Big cheers and blog hype don't necessarily translate into financial success — here's looking at you, Scott Pilgrim — but this is the world in which movie studios are planting their money, hoping a steady rain of intense interest from core fans will help grow blockbusters and franchises.
The biggest box office earners of the last few years, from The Avengers and Iron Man 3 to Man of Steel and The Dark Knight Rises, were all comic book-based, all sequels, and all incredibly anticipated after the success of previous chapters. In the coming years, there will be more Marvel heroes getting their own movies, more DC characters the subject of would-be franchises, plus more installments in the Star Wars, Star Trek, Hobbit Transformers, and Fast and Furious sagas, among many others.
Can you blame Universal for wanting to cash in on this action?
When people throw shade at R.I.P.D., it's like inviting someone to a party and then taunting them if they don't fit in just right. It's not that we ought to take pity on Universal's flop — a $130 million budget generally precludes sympathy in an industry of haves and have-nots — but it's sort of hypocritical to rip on it with any sort of real viciousness, especially without putting it in context.
If we keep demanding more comic book adaptations and more sequels, logic dictates that some are just going to suck. If that's a price we're cool with paying in exchange for a steady stream of superheroes on screen, then all is well. But in order to be hypercritical of R.I.P.D., we've got to then admit that we had a role in creating it in the first place.
It was a double dose of bad news for Ryan Reynolds, as his animated movie Turbo, about neon racing snails, made just $31 million. It came from Dreamworks Animation, the same people who are behind the Madagascar and Shrek franchises, so it's not like it didn't have marketing muscle or a solid name behind it.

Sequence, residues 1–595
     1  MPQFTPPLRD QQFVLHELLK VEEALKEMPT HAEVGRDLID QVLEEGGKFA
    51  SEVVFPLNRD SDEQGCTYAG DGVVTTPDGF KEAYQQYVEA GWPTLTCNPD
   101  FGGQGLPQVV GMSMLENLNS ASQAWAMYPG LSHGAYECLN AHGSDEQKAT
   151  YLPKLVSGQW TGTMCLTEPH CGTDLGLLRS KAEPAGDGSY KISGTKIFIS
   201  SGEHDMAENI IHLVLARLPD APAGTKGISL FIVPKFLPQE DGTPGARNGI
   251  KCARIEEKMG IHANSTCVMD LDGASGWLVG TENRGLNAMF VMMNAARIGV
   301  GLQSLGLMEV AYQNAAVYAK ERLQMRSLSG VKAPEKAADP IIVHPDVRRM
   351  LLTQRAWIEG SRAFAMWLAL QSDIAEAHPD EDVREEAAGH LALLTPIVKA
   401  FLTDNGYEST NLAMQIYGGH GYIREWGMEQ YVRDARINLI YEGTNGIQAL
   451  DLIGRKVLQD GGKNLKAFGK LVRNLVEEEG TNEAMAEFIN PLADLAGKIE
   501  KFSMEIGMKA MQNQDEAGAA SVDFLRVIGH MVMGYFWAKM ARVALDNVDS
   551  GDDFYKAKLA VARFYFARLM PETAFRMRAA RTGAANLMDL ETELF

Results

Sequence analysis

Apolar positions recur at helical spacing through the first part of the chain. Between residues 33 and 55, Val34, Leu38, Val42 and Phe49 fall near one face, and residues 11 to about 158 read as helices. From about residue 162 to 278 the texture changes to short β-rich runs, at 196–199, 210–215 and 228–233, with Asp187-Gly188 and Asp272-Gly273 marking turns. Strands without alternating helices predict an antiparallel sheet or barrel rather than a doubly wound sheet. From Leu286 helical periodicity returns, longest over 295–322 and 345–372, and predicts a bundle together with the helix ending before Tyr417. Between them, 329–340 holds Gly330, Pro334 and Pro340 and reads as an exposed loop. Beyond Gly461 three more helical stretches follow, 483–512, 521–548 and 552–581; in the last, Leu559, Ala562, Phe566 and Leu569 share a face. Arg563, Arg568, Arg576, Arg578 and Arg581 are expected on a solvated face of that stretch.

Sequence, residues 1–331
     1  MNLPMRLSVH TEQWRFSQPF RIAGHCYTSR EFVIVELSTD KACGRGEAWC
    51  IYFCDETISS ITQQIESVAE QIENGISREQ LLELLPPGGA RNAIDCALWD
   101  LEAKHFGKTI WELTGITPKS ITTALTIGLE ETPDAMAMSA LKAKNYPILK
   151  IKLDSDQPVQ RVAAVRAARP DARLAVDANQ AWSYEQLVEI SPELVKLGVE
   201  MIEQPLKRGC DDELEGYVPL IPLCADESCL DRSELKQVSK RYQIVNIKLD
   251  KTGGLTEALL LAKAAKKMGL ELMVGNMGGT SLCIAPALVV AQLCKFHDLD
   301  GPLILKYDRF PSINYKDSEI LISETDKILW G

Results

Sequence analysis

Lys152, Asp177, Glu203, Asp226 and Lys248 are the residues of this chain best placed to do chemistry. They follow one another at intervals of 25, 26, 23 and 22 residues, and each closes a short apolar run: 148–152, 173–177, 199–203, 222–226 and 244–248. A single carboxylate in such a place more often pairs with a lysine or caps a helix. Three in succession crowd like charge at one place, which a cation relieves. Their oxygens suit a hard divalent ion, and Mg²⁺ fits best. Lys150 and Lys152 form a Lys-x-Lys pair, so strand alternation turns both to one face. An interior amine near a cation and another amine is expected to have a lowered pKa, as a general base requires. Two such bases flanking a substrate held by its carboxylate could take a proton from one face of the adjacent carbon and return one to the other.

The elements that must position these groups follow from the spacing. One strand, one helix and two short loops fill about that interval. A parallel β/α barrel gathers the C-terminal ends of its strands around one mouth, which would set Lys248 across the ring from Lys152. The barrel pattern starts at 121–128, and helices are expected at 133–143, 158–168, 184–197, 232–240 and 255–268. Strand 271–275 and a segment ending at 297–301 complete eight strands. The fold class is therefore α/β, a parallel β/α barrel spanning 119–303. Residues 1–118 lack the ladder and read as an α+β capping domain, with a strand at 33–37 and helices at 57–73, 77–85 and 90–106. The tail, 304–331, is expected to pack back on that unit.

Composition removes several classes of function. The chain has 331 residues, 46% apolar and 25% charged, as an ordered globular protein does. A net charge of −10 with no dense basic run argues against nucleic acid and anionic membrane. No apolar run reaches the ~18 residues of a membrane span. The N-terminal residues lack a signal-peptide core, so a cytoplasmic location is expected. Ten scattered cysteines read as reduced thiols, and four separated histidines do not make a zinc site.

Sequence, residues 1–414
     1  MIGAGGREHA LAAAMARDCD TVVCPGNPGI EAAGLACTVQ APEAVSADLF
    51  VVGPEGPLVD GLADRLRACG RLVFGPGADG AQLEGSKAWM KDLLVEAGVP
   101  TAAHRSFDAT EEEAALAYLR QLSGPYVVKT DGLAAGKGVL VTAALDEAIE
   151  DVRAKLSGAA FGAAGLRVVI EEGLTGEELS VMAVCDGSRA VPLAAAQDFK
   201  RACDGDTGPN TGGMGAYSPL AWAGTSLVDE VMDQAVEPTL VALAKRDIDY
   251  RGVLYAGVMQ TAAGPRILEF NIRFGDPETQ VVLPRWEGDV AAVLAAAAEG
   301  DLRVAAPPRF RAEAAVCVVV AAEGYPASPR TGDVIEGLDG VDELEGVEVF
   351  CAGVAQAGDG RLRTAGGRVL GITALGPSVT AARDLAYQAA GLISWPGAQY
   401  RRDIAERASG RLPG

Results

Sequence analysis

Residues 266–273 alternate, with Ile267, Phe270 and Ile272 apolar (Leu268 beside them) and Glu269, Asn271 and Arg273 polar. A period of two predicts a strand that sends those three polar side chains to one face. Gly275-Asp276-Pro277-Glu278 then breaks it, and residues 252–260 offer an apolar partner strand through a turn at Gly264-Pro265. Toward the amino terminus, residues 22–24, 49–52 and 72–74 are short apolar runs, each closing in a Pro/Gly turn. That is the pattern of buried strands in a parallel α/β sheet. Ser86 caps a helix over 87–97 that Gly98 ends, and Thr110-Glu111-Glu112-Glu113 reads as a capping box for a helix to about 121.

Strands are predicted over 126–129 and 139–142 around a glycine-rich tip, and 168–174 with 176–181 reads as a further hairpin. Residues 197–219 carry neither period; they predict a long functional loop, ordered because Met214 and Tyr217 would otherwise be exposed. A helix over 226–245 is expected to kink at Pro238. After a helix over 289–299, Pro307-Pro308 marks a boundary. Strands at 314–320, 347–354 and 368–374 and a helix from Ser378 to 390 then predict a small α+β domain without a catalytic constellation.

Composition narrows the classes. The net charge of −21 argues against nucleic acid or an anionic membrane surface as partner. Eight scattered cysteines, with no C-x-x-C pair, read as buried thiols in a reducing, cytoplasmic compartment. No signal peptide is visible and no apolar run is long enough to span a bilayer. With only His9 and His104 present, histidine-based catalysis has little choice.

In other terrible tent-pole news, Red 2 made just $18.5 million; the first one, which was a slow-burn sleeper hit, made $21 million in its first weekend. The geezers with guns flick, starring Helen Mirren, John Malkovich, Bruce Willis and several others who could kick your ass despite being in the Social Security range, was far inferior to the original, and audiences let them know it.
On the other hand, America's love for cheaply-made horror film continues unabated. The Conjuring, which cost about $20 million, made $41.5 million at the box office. This is great news for everyone who loves Patrick Wilson and Vera Farmiga, which should be everyone. The movie is about real-life paranormal investigators who look into crazy ghost things; maybe they're the ones responsible for killing R.I.P.D.
Here is your weekend top 10, numbers courtesy of Box Office Mojo.
1. The Conjuring* — $41.5 million
2. Despicable Me 2 — $25 million
3. Turbo* — $31 million (Opened Wednesday; $21.5 million this weekend)
4. Grownups 2 — $20 million
5. Red 2 — $18.5 million
6. Pacific Rim — $16 million
7. R.I.P.D.* — $13.1 million
8. The Heat — $9.4 million
9. World War Z — $5.2 million
10. Monsters University — $5 million